In this section we develop some basic properties of norms, traces, and
discriminants, and give more properties of rings of integers in the
general context of Dedekind domains.
Before discussing norms and traces we introduce some notation for
field extensions. If
are number fields, we let
denote the dimension of viewed as a -vector space. If is a
number field and
, let be the extension of
generated by , which is the smallest number field that contains
both and . If
then has a minimal polynomial
, and the *Galois conjugates* of are the roots
of . The are called the Galois conjugates because the are the orbit
of under the action of
.

*Example 2.4.1*
The element

has minimal polynomial

and the Galois
conjugates are

and

. The cube root

has minimial polynomial

and three Galois conjugates

, where

is a cube root of unity.

We create the extension
in *SAGE*.

sage: L.<cuberoot2> = CyclotomicField(3).extension(x^3 - 2)
sage: cuberoot2^3
2

Then we list the Galois conjugates of
.

sage: cuberoot2.galois_conjugates()
[cuberoot2, (-zeta3 - 1)*cuberoot2, zeta3*cuberoot2]

Note that
:

sage: zeta3 = L.base_field().0
sage: zeta3^2
-zeta3 - 1

Suppose
is an inclusion of number fields and let . Then left multiplication by defines a -linear
transformation
. (The transformation is
-linear because is commutative.)

**Definition 2.4.2** (Norm and Trace)
The

*norm* and

*trace* of

from

to

are

and

We know from linear algebra that
determinants are multiplicative
and traces are additive, so for we have

and

Note that if
is the characteristic polynomial of ,
then the constant term of is
, and the
coefficient of
is
.

*Proof*.
We prove the proposition by computing the characteristic
polynomial

of

. Let

be the minimal polynomial
of

over

, and note that

has distinct roots and is
irreducible, since it is the polynomial in

of least degree
that is satisfied by

and

has characteristic

0. Since

is irreducible, we have

, so

.
Also

satisfies a polynomial if and only if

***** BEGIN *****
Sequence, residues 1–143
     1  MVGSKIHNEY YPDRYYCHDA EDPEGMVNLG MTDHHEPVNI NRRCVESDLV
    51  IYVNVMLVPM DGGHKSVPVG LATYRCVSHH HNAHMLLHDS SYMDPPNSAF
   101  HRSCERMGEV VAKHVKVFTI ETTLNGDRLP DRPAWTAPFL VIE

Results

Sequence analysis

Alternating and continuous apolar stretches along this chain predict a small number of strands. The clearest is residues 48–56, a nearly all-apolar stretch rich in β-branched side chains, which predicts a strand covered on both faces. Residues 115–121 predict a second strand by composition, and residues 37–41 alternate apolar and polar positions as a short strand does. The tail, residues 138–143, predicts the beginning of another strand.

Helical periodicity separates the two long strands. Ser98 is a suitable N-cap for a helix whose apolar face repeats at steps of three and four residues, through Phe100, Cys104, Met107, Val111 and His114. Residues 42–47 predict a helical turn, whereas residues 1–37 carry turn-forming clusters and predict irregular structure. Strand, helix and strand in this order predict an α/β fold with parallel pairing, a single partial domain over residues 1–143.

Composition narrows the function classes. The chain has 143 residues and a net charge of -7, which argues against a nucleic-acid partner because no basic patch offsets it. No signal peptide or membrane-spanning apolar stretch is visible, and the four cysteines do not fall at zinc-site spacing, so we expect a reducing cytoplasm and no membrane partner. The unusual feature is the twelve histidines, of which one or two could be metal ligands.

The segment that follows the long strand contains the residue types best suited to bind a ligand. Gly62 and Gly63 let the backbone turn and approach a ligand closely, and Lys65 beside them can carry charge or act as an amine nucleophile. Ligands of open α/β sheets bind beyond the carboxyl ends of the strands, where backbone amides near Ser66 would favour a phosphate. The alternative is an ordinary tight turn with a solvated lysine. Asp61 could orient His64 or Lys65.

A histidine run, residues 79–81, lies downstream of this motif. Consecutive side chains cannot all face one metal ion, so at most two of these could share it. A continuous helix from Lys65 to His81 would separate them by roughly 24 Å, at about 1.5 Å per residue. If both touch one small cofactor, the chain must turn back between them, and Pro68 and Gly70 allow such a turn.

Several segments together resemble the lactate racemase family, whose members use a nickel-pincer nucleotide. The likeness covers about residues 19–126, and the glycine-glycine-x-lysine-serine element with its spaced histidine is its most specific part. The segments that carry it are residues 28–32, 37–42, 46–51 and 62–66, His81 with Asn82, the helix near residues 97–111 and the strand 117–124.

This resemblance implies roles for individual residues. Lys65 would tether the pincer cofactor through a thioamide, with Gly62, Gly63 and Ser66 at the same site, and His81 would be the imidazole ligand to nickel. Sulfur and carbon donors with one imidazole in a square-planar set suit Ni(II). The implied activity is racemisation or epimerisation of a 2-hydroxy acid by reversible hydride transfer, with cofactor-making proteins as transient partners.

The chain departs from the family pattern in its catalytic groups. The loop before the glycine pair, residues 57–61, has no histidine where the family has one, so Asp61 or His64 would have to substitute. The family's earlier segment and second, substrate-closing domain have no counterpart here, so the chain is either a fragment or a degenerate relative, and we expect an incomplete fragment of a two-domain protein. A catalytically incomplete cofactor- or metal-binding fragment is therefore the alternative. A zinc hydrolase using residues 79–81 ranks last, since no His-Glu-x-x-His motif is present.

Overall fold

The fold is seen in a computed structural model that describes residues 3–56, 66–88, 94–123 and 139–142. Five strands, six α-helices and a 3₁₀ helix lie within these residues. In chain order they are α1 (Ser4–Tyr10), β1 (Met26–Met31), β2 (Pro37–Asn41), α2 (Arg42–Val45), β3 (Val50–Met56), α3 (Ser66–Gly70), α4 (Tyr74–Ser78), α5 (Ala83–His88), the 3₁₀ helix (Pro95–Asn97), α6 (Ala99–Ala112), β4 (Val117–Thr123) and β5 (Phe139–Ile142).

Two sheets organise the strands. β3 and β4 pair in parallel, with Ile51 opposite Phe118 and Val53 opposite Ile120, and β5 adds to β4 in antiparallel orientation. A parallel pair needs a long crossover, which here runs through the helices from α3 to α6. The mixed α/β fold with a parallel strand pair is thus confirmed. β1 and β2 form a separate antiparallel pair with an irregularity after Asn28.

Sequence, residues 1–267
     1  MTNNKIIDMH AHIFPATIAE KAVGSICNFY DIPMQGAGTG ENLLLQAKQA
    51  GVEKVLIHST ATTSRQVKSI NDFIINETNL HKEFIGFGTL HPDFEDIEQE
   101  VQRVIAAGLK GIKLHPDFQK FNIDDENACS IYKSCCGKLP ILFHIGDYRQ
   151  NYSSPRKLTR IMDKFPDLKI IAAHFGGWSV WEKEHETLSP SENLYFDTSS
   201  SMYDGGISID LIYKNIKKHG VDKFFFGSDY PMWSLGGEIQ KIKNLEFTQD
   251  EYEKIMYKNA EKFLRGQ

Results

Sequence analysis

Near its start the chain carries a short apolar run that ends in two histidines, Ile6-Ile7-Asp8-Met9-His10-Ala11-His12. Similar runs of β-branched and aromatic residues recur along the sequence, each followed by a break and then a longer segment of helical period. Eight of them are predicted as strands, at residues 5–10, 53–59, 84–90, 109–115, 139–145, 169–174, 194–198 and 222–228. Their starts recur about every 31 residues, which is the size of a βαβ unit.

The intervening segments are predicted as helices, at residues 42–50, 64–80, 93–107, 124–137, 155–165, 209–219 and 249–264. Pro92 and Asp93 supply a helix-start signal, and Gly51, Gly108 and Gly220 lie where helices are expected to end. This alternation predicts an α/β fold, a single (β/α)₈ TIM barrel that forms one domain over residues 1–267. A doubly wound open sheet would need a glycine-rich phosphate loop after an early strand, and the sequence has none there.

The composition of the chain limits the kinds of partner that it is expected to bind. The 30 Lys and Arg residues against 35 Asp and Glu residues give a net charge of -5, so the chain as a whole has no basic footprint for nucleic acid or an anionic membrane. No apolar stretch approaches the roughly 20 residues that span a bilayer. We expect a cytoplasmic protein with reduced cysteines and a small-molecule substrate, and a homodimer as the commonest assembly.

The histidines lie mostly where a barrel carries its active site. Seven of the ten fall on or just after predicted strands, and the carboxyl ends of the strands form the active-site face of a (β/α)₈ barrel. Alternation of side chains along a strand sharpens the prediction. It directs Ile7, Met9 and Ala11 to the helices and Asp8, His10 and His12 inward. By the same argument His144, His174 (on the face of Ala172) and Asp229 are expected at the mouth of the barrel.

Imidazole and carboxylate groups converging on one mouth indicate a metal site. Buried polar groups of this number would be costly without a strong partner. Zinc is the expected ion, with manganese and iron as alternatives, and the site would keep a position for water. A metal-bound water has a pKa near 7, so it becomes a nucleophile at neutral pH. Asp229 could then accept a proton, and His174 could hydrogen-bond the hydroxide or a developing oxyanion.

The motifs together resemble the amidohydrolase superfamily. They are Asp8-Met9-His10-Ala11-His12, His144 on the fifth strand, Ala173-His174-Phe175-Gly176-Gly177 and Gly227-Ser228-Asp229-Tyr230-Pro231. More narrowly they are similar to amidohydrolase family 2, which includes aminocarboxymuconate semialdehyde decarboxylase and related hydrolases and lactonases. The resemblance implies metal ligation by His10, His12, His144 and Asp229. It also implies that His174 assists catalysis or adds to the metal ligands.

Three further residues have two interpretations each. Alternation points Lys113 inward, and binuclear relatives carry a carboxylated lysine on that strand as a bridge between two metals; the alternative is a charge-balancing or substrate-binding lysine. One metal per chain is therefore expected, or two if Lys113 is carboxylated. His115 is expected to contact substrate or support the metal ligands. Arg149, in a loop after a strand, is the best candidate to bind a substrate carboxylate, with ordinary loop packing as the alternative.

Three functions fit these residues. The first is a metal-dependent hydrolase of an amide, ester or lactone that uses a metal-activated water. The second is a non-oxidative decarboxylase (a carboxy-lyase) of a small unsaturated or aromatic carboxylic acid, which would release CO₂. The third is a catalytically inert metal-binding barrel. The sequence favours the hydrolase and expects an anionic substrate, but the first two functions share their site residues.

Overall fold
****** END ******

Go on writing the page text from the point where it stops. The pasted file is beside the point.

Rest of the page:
does, so the
characteristic polynomial of

acting on

is

. Let

be a basis for

over

and note that

is a basis for

, where

. Then

is a basis for

over

, and left multiplication by

acts the same way on the span of

as on the span of

, for any pair

. Thus the matrix of

on

is a block direct sum
of copies of the matrix of

acting on

, so the
characteristic polynomial of

on

is

. The
proposition follows because the roots of

are exactly
the images

, with multiplicity

(since each
embedding of

into

extends in exactly

ways
to

).

It is important in Proposition 2.4.3 that
the product and sum be over *all* the images
,
not over just the distinct images. For example, if , then
, whereas the sum of the distinct conjugates
of is .

The following corollary asserts that the norm and trace behave well in
towers.

**Corollary 2.4.4**
*
Suppose
is a tower of number fields, and
let . Then
*

and

*Proof*.
For the first equation, both sides are the product of

,
where

runs through the embeddings of

into

that fix

. To see this, suppose

fixes

.
If

is an extension of

to

, and

are the embeddings of

into

that fix

, then

are exactly the extensions
of

to

. For the second statement, both sides are the
sum of the

.

The norm and trace down to
of an algebraic integer is an
element of
, because the minimal polynomial of has integer
coefficients, and the characteristic polynomial of is a power of the
minimal polynomial, as we saw in the proof of
Proposition 2.4.3.

**Proposition 2.4.5**
*
Let be a number field. The ring of integers is a lattice
in , i.e.,
and is an abelian group of rank
.*
*Proof*.
We saw in Lemma

2.3.15 that

. Thus there exists a
basis

for

, where each

is in

.
Suppose that as

varies over all elements of

the denominators of the coefficients

are arbitrarily
large. Then subtracting off integer multiples of the

, we see
that as

varies over elements of

with

between

0 and

, the denominators of the

are also
arbitrarily large. This implies that there are infinitely many elements
of

in the bounded subset

Thus for any

, there are elements

such that the
coefficients of

are all less than

(otherwise the elements
of

would all be a ``distance''
of least

from each other, so only finitely
many of them would fit in

).

As mentioned above, the norms of elements of are integers.
Since the norm of an element is the determinant of left multiplication
by that element, the norm is a homogenous polynomial of degree in
the indeterminate coefficients , which is 0 only on the
element 0. If the get arbitrarily small for elements of
, then the values of the norm polynomial get arbitrarily small,
which would imply that there are elements of with positive norm
too small to be in
, a contradiction. So the set contains
only finitely many elements of . Thus the denominators of the
are bounded, so for some , we have that has finite
index in
. Since
is isomorphic to
, it follows from the structure theorem for
finitely generated abelian groups that is isomorphic as a
-module to
, as claimed.

*Proof*.
By Proposition

2.4.5, the ring

is
finitely generated as a module over

, so it is certainly
finitely generated as a ring over

. By Theorem

2.2.9,

is noetherian.

William Stein
2012-09-24